Being able to walk is something that many of us take for granted, but losing that ability or the confidence to do so, can make us realize how precious it is to our quality of life. However, if you lost this ability due to a stroke, getting back to normal is not an easy task. It is very hard work and can seem daunting. It’s common after a stroke to think that something is impossible to do. Or sometimes, we even fear trying something that we haven’t tried again since the stroke.
Research shows that we often perceive certain tasks as very difficult when in reality they are not that hard. Take walking for example. After a stroke, we all want to regain our capabilities. We want to increase our speed and distance. However, we often perceive walking as difficult and dangerous. Because our leg functions and balance are totally different after a stroke, we don’t trust our skills anymore, and we get anxious.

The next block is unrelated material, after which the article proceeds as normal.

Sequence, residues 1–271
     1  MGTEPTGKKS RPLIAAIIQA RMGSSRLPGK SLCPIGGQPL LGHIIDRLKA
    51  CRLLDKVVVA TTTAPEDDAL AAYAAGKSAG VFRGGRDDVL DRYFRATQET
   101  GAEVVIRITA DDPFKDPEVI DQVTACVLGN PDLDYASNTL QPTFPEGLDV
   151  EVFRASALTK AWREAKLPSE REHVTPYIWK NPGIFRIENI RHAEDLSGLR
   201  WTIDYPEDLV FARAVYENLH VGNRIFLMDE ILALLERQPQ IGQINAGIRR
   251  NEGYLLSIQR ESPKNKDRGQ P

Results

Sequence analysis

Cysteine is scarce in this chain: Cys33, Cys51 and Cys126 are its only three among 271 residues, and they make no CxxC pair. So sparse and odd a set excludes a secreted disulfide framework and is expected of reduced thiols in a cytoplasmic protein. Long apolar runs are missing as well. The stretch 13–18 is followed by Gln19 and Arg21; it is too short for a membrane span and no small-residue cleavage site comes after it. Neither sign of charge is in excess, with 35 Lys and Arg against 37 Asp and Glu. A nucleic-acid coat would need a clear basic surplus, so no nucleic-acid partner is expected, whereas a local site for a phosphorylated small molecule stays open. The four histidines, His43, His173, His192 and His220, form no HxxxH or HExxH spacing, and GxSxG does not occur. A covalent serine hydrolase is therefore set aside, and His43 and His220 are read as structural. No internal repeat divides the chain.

The result is that we walk slowly and very carefully. We take smaller steps or widen our steps. These things, however, do not necessarily benefit our recovery. In fact, they can actually hamper improvements. Research shows that most people can move much better than they think! You are not alone with this problem by the way. Almost all patients with movement problems like low back pain, Parkinson’s Disease, or hip replacement are anxious about moving too much.
We’re not really sure what causes this insecurity, but we do know that you can change it!
Trust your therapist to guide and assist you. You don’t have to be afraid. Studies show that after a successful rehab program, stress responses related to walking decrease. So why not decrease the stress during rehab in order to speed up your recovery?
In our relaxation challenge, you learn how to decrease your stress and improve your recovery. One way of calming down is by exercising breathing techniques. Another approach that we discuss here is to change your perception of things. So combine both. Learn how to relax and give your confidence a boost. Your body can do more than you think it can.
Practicing relaxation techniques can actually help us gain confidence and control during our recovery.